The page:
Of all the parables Jesus told, one of the most familiar is the Parable of the Prodigal Son recorded in Luke 15. It is a wonderful story of God’s forgiveness as the father rushes out and welcomes home his wayward son.
But, as we place it into its context, we see that the point Jesus was really making was the joy we are to experience whenever we see a lost soul saved. H makes that emphasis in direct response to the Pharisees’ murmuring against him. “And the Pharisees and scribes murmured, saying, This man receiveth sinners, and eateth with them.” (Luke 15:2). In response, Jesus tells three parables about the lost – the parable of the Prodigal Son being the last of the three. And all three emphasize the joy we are to feel when we see the lost saved. (See Luke 15:5-7, 9-10, 22-24)
In that setting it is obvious that the complaining elder son in the Parable of the Prodigal Son represents the Pharisees. His anger over his father throwing a feast for his brother mirrors the murmuring of the Pharisees over Jesus eating with the tax collectors and sinners. I’m sure that the Pharisees listening to Jesus as he unfolded this parable felt as if he had hit them with a two by four over their heads! In essence, Jesus was telling them that, instead of murmuring, they should be rejoicing that he was reaching the lost.
Therefore I found it interesting to see how Mormonism interprets this parable. In the New Testament manual, The Life and Teachings of Jesus & His Apostles, it talks about the mercy and forgiveness of the Father. But what I found interesting is that it talks more about the two sons than it does the father. The point it emphasizes is that the father “did not have the younger son restored to all the privileges he had forfeited.” He was received back but now “the farm” is gone. “The ‘father’ himself cannot undo the effect of the foregone choice.”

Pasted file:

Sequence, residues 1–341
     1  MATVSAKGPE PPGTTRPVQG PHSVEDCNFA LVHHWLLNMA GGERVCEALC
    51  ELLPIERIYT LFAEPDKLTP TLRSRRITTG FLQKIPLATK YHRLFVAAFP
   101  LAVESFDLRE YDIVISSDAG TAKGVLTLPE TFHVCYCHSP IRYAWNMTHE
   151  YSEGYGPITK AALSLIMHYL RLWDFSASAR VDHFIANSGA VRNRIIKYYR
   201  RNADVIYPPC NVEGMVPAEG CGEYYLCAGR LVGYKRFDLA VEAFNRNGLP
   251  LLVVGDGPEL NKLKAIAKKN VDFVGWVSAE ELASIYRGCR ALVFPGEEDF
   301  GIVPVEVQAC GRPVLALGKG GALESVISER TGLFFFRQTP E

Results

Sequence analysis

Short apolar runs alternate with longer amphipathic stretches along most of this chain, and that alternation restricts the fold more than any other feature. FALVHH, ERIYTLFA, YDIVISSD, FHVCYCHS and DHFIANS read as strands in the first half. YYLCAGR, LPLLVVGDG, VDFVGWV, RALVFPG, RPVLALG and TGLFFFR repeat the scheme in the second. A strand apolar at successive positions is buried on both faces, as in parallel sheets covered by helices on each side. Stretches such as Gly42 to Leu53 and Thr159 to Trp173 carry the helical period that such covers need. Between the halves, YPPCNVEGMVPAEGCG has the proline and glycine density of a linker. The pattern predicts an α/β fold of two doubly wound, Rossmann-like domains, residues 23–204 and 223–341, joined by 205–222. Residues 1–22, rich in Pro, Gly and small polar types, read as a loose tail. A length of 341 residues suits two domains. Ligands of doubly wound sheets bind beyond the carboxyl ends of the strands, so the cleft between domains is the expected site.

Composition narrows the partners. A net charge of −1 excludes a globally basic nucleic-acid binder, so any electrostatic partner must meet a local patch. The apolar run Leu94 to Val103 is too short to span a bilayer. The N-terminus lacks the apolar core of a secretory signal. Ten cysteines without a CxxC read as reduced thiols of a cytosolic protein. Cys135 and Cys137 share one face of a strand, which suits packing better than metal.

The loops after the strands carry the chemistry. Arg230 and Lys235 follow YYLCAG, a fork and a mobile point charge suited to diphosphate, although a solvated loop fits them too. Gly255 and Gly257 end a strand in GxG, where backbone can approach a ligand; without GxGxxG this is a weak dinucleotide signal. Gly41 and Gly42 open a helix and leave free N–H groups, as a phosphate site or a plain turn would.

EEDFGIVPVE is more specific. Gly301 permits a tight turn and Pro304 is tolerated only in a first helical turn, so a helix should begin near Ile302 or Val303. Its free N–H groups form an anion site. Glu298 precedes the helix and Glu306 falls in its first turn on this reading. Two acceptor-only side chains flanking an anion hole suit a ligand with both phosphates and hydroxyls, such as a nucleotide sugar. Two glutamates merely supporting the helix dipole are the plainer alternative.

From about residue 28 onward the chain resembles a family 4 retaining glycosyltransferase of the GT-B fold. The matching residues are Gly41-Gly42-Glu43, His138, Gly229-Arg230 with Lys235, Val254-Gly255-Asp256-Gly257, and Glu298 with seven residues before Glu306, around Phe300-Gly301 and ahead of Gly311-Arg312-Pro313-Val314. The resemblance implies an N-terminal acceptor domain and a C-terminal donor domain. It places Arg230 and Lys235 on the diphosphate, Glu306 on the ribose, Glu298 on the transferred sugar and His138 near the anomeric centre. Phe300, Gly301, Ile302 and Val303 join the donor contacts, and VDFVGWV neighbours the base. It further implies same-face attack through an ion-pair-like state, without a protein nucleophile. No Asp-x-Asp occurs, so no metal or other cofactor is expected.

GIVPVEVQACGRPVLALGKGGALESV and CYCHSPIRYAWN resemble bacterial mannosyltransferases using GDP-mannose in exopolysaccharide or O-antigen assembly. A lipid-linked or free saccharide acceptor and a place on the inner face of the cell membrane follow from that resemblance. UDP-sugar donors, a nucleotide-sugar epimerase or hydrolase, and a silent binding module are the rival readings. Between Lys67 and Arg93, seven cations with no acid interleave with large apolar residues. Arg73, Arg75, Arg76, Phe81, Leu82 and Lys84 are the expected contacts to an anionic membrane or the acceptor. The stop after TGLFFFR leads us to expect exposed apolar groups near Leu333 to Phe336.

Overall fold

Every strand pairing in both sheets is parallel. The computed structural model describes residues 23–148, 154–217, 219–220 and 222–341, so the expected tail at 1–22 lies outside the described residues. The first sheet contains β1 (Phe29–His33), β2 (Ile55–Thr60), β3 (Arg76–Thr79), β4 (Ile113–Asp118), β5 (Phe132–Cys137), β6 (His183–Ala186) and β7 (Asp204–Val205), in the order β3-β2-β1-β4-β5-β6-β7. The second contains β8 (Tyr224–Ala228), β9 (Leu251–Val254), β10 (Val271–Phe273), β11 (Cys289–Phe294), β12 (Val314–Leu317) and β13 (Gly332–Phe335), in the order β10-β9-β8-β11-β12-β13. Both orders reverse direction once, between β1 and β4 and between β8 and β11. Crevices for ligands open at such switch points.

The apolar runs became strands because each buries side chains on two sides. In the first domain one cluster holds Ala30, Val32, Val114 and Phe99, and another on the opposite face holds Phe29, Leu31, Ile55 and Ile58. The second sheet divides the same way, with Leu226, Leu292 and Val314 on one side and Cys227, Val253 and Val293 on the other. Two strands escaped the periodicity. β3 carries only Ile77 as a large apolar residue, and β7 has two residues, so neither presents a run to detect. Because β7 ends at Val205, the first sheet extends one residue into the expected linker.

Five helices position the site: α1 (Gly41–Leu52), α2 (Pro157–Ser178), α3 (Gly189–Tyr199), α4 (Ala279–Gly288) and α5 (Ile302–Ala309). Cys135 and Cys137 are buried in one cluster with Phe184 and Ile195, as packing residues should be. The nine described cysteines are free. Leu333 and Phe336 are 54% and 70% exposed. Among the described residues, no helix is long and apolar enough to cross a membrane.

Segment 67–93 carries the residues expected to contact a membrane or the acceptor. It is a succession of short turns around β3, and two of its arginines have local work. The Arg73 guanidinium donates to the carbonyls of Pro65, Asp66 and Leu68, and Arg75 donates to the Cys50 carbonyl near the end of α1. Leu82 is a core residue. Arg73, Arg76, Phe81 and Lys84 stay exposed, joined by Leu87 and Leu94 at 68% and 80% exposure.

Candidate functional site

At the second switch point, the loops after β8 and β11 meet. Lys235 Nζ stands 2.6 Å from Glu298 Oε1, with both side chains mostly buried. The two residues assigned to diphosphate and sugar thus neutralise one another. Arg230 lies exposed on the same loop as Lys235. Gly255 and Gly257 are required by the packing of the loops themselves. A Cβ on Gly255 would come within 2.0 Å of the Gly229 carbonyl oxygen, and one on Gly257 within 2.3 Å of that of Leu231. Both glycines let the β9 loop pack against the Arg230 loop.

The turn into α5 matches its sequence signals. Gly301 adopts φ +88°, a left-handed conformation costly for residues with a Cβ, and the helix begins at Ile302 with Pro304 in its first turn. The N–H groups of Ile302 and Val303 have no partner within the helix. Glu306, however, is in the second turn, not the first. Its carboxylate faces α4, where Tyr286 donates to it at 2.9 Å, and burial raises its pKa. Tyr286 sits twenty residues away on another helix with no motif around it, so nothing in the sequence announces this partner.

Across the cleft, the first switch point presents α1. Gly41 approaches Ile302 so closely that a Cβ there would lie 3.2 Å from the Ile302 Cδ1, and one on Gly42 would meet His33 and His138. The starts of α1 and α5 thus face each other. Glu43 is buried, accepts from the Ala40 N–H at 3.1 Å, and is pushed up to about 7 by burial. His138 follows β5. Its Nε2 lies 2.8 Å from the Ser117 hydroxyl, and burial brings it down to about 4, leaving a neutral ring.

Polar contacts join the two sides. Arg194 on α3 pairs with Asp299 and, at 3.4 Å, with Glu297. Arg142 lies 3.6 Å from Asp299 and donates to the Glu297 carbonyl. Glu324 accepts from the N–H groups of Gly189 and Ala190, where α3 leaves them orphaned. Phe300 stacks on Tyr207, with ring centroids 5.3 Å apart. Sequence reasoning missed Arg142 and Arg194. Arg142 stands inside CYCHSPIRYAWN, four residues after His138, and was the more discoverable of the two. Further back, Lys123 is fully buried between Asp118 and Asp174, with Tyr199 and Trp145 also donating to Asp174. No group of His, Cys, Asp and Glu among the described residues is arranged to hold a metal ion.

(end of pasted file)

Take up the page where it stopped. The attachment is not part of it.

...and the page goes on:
In striking contrast, the older son becomes the role model. He is described as the “more dutiful” son. “The father consoled him with the statement: “Son, thou art ever with me, and all that I have is thine.” In other words, for him “the farm” was not gone. Unlike the younger son, he did not forfeit his privileges. There is not one mention made of the Pharisees and their ungodly murmuring against Jesus.
A beautiful story of forgiveness is turned into a story of making choices. “Every choice one makes either expands or contracts the area in which he can make and implement future decisions. When one makes a choice, he irrevocably binds himself to accept the consequences of that choice.” So much so, that “the ‘father’ cannot undo the effect of the foregone choice.”
The Bible teaches about a Heavenly Father who can undo the effects of foregone choices and has done so in Jesus Christ. Through the saving work of Christ he has restored all the privileges that we have forfeited through sin. Because of Jesus I’m looking forward to living eternally with Heavenly Father.